Well, if the latter is true (and it probably isn’t), watermelon did seem to make a comeback some years ago—in the form of the Unlikely Ingredient.  I was confused but intrigued the first time I heard of watermelon and feta together, or watermelon and a balsamic vinegar reduction.   My imagination was piqued by this introduction of watermelon into elegant, savory selections.  It made me want to experiment, too.  For this reason, watermelon has been on my mental backburner for awhile now.

Meanwhile, this summer I had been looking for fun things to make with cucumbers from my garden.  Thai spring rolls, wrapped in rice paper and filled with freshness, seemed a nice place to highlight a cucumber-clean flavor.  Thinking about summer rolls triggered my memory of a picture I saw of Chef Ferran Adria’s wacky concoction: spring rolls wrapped in spun sugar (as in, white cotton candy).  These rolls were fluffy, ethereal, angelic.   I remember uttering, “Really?” in a thrilled voice when I saw the picture.  It did seem improbable and kind of magic.  However, it dawned on me that many Thai dishes do have sweet flavors, so I could see how this would work in a pretty reasonable way.   I will not lie.  I’ve fantasized about renting a cotton candy machine to make these spring rolls at home.  There could be so many uses for a cotton candy machine!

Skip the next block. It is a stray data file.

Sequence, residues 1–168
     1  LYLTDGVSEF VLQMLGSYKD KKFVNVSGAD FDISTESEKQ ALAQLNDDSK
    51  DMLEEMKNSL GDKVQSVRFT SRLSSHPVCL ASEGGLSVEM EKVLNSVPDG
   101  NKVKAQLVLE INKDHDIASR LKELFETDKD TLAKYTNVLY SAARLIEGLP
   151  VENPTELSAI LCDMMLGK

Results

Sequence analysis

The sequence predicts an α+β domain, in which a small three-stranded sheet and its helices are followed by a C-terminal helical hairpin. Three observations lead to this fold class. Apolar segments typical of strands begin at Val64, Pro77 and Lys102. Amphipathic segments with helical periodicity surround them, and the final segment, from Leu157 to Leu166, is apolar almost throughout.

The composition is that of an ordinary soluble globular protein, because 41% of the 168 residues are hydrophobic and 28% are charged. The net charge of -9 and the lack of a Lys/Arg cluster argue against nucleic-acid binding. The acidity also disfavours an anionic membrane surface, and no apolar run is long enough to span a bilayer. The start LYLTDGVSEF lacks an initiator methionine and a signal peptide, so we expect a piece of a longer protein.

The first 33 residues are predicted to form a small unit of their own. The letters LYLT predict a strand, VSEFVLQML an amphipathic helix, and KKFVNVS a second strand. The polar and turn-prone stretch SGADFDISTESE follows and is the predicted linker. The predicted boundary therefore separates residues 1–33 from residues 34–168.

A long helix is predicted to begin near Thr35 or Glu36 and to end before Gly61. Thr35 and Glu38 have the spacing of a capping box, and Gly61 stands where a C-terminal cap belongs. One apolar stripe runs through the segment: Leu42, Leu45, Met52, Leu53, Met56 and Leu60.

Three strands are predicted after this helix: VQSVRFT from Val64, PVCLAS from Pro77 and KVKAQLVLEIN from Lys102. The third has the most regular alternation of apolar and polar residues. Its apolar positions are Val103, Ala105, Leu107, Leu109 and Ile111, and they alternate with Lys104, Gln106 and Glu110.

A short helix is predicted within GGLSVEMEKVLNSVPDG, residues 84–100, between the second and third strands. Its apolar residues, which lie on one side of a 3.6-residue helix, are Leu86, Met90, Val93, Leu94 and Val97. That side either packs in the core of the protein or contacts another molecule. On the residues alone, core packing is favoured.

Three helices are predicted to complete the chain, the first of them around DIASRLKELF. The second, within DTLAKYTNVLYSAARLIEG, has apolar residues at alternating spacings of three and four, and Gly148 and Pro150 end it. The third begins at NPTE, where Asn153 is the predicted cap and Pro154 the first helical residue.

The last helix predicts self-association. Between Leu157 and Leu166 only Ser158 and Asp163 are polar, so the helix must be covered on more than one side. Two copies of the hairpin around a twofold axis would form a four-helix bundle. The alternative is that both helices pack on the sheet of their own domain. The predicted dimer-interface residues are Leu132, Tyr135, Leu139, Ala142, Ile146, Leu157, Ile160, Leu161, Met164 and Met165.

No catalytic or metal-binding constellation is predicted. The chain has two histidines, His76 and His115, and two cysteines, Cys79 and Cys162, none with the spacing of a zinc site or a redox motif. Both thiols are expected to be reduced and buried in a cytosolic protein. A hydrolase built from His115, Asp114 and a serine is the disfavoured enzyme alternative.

Anyway, I was in this thinking-outside-box frame of mind when the whole watermelon-cucumber connection came back to me.  I have always pondered the striking similarities between the two, and yet one is considered a fruit and the other, a vegetable (though they are both technically fruits).  Couldn’t they be interchangeable in some recipes where both sweetness and cucumber-like freshness are key?  You probably see where I was going before I did. 

So, I’ve been daydreaming about watermelon spring rolls for a couple of weeks now, and yesterday this dream became a reality.  Glory be, we have watermelon spring rolls—and they are fresh and perfectly delicious! Really!  Unless, of course, you don’t like watermelon.


Spicy Watermelon Summer Rolls

For Sauce:

  • 2 T vegetable oil
  • 1 garlic clove, finely minced
  • ½ tsp dried hot chili flakes, or to taste
  • ½ cup coconut milk
  • 2 T watermelon juice(pulp squeezed between two spoons into small bowl makes this juice)
  • 2 tsp tamari sauce (other varieties of soy sauce would also work)

For Rolls:

  • 2 oz rice vermicelli (cellophane noodles also works)
  • 1 tsp rice vinegar
  • 4 large green lettuce leaves, split in half, rib removed